Otto, Lucia and Max are the Hardscrabble children. Their mother has been missing for quite sometimes. One day, their father has to leave for a sudden assignment and he sent them off to London to stay with their Aunt Angela. Unfortunately, there was a misunderstanding with whoever answered Angela’s phone. The children were not picked up at the London train station. Somehow, the three of them managed to find Angela’s apartment, however Angela is now in Berlin, Germany. At this point, they have to find another place to stay for the night. Max remembered the address of their Great Aunt Hattie from a letter that their father received recently. They went on their adventure to find her hoping that she would allow them to stay. As they find their Great Aunt Hattie, they discover that she was not an old lady, but a young American woman who stayed in a castle in the city of Snoring-by-the-Sea. Great Aunt Hattie encourage the children to go on their own adventure, she believe children should discover their own adventure before they reach the age of fourteen. Indeed, they discover a secret passage to the Kneebone Castle and eventually they learned something unusual about their mother. The writer has a very interest narrative style and most teenagers will find it very easy to follow and enjoy the story very much. Especially in the beginning of the story, the author indicates “I can’t tell you which Hardscrabble I am – Otto, Luica or Max,” that it is because the story belongs to all of them. Dora Ho, Young Adult Librarian - Los Angeles Public Library.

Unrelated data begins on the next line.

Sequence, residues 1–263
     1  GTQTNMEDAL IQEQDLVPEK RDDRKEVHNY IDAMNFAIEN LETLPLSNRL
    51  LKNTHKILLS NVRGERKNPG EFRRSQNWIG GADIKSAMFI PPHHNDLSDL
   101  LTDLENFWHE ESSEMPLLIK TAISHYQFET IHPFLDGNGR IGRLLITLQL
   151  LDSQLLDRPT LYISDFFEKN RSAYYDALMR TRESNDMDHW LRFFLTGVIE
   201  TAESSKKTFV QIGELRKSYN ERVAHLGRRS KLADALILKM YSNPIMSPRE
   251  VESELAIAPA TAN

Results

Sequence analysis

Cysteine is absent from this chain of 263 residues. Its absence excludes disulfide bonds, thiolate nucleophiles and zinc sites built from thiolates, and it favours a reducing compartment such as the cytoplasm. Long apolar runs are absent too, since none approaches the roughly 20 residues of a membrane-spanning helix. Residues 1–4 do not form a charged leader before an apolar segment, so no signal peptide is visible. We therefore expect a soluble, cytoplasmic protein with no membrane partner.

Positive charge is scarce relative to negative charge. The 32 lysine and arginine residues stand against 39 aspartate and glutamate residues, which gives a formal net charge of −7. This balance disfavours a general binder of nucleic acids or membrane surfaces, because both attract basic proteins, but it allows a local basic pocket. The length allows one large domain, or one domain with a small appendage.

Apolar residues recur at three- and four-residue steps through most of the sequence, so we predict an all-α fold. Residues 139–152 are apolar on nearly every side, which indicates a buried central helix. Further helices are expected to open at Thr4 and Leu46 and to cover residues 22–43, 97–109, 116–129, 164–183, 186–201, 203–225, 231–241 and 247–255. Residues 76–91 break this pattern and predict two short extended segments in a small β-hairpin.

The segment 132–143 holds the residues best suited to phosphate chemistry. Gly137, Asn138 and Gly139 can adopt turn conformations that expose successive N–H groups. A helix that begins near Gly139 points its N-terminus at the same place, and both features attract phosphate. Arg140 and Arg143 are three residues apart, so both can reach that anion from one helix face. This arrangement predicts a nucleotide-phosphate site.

Monday, March 28, 2011

I Am J

High School Fiction

VG/A Beam, Cris. I Am J. Little Brown, 2011. 339 p. 9780316053617 $16.99

J has always felt like a boy in a girl's body but no one else seemed to see. He finally decides that to truly be himself he must leave his old life behind. When the truth comes out, his friends and family decide to support him in their own ways. This gritty, urban story addresses some issues of transgender teens in a candid manner. There are many resources at the end of the text for transgender teens as well as parents and allies.

Sarah Mae Harper, CoLAPL- AC Bilbrew Library

Thursday, March 17, 2011

You Killed Wesley Payne

High School Fiction

G/M Beaudoin, Sean. You Killed Wesley Payne. Little Brown, 2011. 368p. 978-0-316-07742-2. 16.99.

In this noir style novel, teen detective Dalton Rev is hired to solve the mystery of Wesley Payne’s death at Salt River High. In order to do that though, he has to play all the different cliques against each other. Nothing is as it seems at Salt River: students are double agents or flat out liars, faculty and police are running their own scams and the cliques have their own agendas. The language (lots of slang) is a little off putting, but if you can get past that the story is good. The book includes lots of extras too, a clique chart and index, slang glossary and Dalton’s writing samples. Loren Spector, LAPL, Felipe de Neve

Wednesday, March 16, 2011

10 Miles Past Normal

High School Fiction

VG/A O'Roark Dowell, Frances. 10 Miles Past Normal. Atheneum Books for Young Readers, 2011. 224 p. 9781411699582 $16.99

When Janie was was 9, being the "farm-girl" was totally cool but now that she's in high school it means sticking out for all the wrong reasons, like hopping on the bus with goat poop on your shoe. Things start to turn around when her longtime crush asks her to join the jam band that meets after school. Between the band and researching a local civil rights icon, Janie starts to find her voice and realizes that "normal" isn't all it's cracked up to be. Recommended for fans of Dairy Queen.